GLOBAL TROPICAL MOORED BUOY ARRAY
The Global Tropical Moored Buoy Array Program is an international effort to provide data in real-time for climate research and forecasting. Major components include the TAO/TRITON array in the Pacific, PIRATA in the Atlantic, and RAMA in the Indian Ocean.
The Global Tropical Moored Buoy Array Program is a contribution to the Global Ocean Observing System (GOOS), Global Climate Observing System (GCOS), and the Global Earth Observing System of Systems (GEOSS).
The Prediction and Research Moored Array in the Tropical Atlantic (PIRATA) Northeast Extension (PNE) is an extension of the original PIRATA array that was designed to study ocean-atmosphere interactions in the tropical Atlantic that affect regional weather and climate variability on seasonal, interannual and longer time scales.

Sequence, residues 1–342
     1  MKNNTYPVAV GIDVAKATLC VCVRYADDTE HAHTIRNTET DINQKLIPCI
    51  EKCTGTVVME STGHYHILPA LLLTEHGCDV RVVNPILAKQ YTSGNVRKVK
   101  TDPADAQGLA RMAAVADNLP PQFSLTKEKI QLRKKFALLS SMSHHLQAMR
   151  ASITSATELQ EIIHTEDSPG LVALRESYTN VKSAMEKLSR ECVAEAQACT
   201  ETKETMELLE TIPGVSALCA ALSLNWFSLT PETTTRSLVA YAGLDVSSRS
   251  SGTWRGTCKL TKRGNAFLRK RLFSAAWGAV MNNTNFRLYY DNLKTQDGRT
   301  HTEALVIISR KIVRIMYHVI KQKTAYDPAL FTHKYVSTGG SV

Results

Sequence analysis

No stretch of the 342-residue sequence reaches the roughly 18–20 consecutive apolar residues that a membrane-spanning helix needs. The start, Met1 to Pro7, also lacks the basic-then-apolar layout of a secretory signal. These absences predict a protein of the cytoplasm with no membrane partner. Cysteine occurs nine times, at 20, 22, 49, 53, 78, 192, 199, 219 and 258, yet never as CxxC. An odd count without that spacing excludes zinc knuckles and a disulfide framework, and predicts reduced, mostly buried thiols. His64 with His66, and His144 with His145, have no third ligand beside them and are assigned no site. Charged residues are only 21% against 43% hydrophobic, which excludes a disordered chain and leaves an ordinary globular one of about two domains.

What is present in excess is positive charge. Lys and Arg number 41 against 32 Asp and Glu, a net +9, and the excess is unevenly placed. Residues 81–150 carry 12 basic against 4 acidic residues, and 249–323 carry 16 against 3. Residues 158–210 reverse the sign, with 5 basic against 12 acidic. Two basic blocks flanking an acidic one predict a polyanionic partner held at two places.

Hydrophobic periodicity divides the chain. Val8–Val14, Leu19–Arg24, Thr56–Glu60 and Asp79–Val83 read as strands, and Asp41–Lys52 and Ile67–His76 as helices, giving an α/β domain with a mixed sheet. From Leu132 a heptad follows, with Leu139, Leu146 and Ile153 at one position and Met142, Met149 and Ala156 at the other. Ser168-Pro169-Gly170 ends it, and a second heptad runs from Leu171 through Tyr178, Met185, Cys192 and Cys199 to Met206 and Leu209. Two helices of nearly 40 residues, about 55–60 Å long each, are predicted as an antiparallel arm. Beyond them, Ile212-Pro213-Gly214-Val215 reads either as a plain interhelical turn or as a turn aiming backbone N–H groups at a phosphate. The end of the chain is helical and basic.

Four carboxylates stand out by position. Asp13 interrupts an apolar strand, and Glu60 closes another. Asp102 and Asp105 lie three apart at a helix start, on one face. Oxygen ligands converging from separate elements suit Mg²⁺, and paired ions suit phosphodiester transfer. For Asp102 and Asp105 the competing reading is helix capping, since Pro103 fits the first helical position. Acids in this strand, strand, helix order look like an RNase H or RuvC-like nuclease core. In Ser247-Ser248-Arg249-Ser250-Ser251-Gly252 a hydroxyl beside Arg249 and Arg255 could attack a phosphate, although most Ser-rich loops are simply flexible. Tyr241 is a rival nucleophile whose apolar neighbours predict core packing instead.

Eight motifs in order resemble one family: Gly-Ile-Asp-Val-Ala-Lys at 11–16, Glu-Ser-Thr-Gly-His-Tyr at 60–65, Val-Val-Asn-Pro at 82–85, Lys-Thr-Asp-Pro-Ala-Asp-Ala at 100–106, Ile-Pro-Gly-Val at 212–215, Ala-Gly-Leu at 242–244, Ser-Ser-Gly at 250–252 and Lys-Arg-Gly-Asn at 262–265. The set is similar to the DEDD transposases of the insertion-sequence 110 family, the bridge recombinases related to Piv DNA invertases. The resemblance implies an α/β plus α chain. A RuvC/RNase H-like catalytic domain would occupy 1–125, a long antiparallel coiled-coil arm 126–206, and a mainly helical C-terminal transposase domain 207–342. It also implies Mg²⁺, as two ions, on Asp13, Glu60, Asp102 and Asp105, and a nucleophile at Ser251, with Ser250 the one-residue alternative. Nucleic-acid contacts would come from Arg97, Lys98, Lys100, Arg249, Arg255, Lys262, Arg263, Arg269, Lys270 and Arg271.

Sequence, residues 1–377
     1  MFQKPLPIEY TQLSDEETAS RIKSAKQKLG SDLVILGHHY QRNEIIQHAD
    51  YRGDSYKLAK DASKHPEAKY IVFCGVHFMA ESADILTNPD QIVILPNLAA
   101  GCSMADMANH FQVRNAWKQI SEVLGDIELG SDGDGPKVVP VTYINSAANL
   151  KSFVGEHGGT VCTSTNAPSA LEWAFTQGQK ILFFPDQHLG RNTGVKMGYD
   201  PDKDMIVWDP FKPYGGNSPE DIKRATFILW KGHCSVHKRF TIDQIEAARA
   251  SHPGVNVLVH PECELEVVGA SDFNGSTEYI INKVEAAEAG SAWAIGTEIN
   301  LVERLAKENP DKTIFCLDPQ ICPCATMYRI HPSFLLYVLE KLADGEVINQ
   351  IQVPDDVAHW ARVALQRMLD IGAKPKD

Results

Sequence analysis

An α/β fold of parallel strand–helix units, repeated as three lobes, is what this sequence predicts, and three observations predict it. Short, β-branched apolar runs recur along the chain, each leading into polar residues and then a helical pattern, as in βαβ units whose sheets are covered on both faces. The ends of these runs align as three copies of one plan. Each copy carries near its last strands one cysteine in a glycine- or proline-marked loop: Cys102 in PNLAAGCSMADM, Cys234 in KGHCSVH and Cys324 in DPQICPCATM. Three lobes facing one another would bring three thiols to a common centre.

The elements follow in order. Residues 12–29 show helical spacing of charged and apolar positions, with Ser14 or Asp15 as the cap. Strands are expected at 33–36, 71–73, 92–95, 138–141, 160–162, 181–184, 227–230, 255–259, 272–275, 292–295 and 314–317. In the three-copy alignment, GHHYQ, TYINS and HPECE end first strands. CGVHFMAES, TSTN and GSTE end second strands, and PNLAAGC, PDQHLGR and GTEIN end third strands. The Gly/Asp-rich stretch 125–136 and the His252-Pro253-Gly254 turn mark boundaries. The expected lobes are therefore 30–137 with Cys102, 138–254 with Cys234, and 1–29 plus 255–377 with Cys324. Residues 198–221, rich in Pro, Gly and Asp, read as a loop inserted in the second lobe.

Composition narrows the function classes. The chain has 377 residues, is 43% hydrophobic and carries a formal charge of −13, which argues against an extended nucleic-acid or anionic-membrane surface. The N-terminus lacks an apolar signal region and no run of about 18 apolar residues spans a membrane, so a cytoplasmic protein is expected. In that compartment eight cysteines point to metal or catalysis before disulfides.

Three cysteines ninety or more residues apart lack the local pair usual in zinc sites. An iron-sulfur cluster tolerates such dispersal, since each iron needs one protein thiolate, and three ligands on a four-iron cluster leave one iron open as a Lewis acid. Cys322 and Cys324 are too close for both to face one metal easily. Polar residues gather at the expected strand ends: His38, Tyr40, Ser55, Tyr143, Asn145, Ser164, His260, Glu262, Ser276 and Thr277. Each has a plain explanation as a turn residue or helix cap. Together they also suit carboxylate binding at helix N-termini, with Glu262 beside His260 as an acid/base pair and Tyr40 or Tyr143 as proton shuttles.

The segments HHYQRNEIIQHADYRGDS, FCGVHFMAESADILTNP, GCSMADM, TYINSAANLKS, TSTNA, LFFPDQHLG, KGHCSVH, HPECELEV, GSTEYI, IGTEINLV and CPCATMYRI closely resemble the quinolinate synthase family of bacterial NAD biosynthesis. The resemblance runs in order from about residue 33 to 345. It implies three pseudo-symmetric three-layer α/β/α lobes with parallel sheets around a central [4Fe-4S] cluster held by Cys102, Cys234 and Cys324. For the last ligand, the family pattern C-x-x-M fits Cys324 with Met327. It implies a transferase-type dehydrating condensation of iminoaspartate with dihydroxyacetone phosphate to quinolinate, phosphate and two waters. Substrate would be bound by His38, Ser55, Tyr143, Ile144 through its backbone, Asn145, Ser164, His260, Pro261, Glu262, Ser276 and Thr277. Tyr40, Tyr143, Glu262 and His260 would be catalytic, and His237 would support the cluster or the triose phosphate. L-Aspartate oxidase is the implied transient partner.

The Research Moored Array for African-Asian-Australian Monsoon Analysis and Prediction (RAMA) was designed to study the Indian Ocean’s role in monsoons. One third of the world population depends on monsoon driven rainfall for agricultural production, so improving our understanding and ability to predict the monsoons has been a longstanding objective of the international scientific community. RAMA, the newest tropical buoy array, was initiated in the traditionally data sparse Indian Ocean in 2004 following deployment of successful pilot scale arrays by Japan and India. RAMA has since grown through the formation of new partnerships that at present include Indonesia, China, the USA, and the Bay of Bengal Large Marine Ecosystem (BOBLME) program.